Why Angelenos moved during the pandemic

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An estimated 12% of Californians left the state between March 2020 and much of 2021, including thousands of Angelenos seeking a lower cost of living, less traffic and new opportunities. KCRW interviews three former Angelenos who have taken advantage of the pandemic to reconnect with their roots and lay the groundwork for the future.

That includes Lexi Notabartolo, who moved to Philadelphia after realizing LA would be too expensive to settle down and buy a house.

“This whole area was my mother’s great horror story – [although] charmingly. She met my father here. But also, she comes from Whittier. You couldn’t get a tortilla here. You have them in boxes,” Notabartolo told KCRW. “There is this really tenacious belief, especially [among] people who were born and raised here say, “Yeah, this city is great. But no one else knows. So how did you figure that out? »

Cozette Livingston moved from South Gate to Crestline in San Bernardino County to spend more time with her son and grandson.

“The highlight of my day is checking my mail. Then I’ll stop at the grocery store for anything I need. And the good thing is that the grocery store is literally in front of the lake,” she describes. “And when the sun shines on the water. Everything becomes shiny and pretty and everything is so fresh here. I don’t have to worry about traffic where I live. I can take my grandson for a walk and not worry about him getting kidnapped or something. I still don’t let him play outside on his own because there are bears here.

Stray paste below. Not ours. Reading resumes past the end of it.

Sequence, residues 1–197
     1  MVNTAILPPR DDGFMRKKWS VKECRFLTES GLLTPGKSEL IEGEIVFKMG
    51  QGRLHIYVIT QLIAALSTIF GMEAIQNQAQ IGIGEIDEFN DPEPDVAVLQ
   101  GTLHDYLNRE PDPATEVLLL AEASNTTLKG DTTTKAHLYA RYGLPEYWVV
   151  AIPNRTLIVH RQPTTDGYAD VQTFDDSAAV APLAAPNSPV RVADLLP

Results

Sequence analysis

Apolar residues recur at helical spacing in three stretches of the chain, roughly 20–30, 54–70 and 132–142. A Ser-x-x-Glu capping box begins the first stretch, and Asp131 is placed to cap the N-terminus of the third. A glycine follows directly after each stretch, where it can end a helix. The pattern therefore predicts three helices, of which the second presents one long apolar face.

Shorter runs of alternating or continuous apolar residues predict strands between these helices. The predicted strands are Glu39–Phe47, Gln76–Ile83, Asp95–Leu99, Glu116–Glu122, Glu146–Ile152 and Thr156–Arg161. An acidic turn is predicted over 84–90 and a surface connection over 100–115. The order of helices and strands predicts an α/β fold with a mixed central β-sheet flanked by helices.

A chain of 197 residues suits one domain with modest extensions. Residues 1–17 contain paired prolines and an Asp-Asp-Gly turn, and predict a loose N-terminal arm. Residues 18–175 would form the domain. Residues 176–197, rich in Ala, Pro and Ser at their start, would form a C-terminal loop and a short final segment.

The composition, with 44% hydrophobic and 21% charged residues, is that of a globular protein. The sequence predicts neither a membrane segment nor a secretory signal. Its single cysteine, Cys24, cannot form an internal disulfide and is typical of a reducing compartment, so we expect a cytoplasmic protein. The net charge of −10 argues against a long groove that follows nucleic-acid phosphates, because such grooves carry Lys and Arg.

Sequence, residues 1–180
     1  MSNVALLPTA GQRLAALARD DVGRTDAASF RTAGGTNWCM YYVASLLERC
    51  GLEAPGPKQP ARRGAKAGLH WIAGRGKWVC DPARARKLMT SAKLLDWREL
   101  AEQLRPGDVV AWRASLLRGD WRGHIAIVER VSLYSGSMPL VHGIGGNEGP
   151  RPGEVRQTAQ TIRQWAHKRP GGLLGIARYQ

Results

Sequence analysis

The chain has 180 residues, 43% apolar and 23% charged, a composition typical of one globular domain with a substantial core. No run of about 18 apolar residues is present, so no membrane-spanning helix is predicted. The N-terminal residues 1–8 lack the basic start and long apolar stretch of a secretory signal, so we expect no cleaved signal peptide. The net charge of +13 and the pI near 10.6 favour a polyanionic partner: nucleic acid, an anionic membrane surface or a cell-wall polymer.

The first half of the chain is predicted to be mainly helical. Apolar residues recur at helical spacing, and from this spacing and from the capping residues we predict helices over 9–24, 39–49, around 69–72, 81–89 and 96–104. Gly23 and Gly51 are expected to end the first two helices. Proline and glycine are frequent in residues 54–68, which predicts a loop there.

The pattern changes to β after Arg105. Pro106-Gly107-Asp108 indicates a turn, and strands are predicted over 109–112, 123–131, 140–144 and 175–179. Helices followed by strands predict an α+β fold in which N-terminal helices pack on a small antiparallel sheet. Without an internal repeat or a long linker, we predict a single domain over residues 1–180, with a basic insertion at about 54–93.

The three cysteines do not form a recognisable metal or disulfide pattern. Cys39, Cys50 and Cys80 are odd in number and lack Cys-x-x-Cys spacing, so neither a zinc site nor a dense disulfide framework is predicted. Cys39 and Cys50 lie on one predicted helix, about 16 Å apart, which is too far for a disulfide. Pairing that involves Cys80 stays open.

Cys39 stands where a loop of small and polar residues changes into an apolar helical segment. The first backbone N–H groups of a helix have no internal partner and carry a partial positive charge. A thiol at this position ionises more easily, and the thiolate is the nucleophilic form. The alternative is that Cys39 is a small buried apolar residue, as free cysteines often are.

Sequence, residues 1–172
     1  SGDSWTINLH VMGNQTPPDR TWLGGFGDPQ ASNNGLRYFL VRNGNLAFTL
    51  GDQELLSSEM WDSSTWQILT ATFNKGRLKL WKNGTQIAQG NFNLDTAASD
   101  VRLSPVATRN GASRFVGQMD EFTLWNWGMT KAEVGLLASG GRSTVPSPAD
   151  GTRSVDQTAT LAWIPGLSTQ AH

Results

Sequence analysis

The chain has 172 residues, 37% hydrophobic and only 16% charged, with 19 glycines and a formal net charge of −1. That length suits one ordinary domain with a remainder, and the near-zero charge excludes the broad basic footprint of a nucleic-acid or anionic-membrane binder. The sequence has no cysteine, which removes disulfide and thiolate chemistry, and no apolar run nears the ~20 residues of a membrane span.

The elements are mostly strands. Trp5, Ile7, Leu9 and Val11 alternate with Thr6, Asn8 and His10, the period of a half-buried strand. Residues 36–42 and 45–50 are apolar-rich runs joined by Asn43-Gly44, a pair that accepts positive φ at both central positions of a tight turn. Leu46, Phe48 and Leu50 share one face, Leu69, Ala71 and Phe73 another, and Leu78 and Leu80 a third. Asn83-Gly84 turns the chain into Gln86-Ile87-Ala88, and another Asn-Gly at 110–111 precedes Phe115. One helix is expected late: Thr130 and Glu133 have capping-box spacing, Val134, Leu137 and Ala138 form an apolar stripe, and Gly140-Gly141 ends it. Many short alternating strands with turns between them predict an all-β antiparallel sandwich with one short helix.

Ana Sheila Victorino moved to Mexico City to reconnect with her late father in 2019.

“When my father passed away, the call to move to Mexico became stronger because for me, moving to Mexico and having that experience was a way for me to connect with my father,” Victorino says. “All the reasons that kept me from making this happen were slowly rising and the call was getting louder and louder.”

Victorino adds, “So when the pandemic started, the things I was doing that were in physical locations, we realized they didn’t need to be in physical locations. We can do this work remotely. So I was like, ‘Oh my god, everything is aligning for me to finally make this happen.’

The pandemic gave her the chance to find parts of herself she always longed to connect with, including her ability to speak Spanish.

“Spanish is my language of love. Spanish is the language in which I was first loved. Spanish is a language in which I learned to love. special in my heart. I felt like I was not fully able to express myself in a language that I feel is closest to my soul,” explains Victorino.

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